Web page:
By Larry Teren
Getting tossed from a job happens to everyone at one time or another unless you’ve always worked for the family business. I’ve had the inglorious event occur twice to me. The first time was my own fault. Aw, what the heck- the second was, too.
The first time was in 1975 when I was about a year out of college and had already tried a couple of career paths that were not my true calling. I took a job just to get one so that I could build a resume. I was at that age where it was the main purpose in getting a job. I had no thought of being enslaved to an employer for many years.
At the job interview the guy doing the hiring was very specific about work hours. I knew that I could not be as flexible as he wanted but kept my mouth shut because I figured that if he saw how good I was he would be a little lenient. Such was not the case. Two weeks into the job he asked me to work a schedule that was not good for me. He threw a Rumpelstiltskin and then walked into the owner’s office. A few minutes later I was summoned in. The owner gave me a dressing down because they once again had to spend a lot of effort finding my replacement. Like they didn’t hire and fire on a regular basis? C’mon! It was not that great a paying job. The owner did feel sorry for me and wrote a letter of recommendation that helped in securing my next job. The trouble was that the next job took four or five months to find.
I studied the Sunday Chicago Tribune job want-ads religiously but to no avail. Try getting a job without experience especially when all of the Viet Nam War Veterans were returning back to civilian life and getting first dibs. A stroke of luck happened in that my mother mentioned to a good friend while they were yapping over the phone that I needed a job. Her friend worked in the secretarial pool at an electronics manufacturer. As a matter of fact, I knew at least three people working there who could vouch for my character (yeah, sure.)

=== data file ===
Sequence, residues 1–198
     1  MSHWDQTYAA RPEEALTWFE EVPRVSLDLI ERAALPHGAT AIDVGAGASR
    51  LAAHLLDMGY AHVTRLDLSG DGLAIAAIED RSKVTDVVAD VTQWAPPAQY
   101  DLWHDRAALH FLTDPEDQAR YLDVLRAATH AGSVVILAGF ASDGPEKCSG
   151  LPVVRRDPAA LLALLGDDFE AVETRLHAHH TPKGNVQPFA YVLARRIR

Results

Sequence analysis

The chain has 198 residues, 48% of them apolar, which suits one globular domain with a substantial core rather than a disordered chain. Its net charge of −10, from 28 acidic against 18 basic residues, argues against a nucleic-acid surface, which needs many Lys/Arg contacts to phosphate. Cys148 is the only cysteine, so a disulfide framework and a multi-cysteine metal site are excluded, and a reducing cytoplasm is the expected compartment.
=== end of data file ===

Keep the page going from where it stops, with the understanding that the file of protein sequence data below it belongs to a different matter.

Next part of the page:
I was granted an interview, showed my letter of recommendation as well as the fact that I had a college degree in English (whoopee!) and could spel mutch (ha, ha). The department head in Inside Sales hired me on the spot. The thing was, I was interviewed by the outgoing department head. The section leader who was taking over a week later did not like that. It was like a baseball manager hiring a new third base coach a week before he was retiring.
As difficult as Trish, our revered section leader, made my life, I gritted my teeth and held on because of a couple of others who had their cubicles near mine. We got along fantastically on and off the job. Trish herself bailed out sooner than I expected so I was rid of one element of aggravation.
The guys and gal sitting around me were all about the same age and suffered from the same strains of the immaturity virus that infected me. During slow periods of work, one of us would call the 800 toll-free number for Dial-A-Joke, and ring the rest of us to make a conference call so we could convulsively guffaw together. We also used to play tricks on the secretarial pool. We used Dictaphones to prepare correspondence that would be typed by a secretary. Sometimes we would purposely talk very fast or slow down to a crawl to confuse the ladies into thinking that their Dictaphones were breaking down.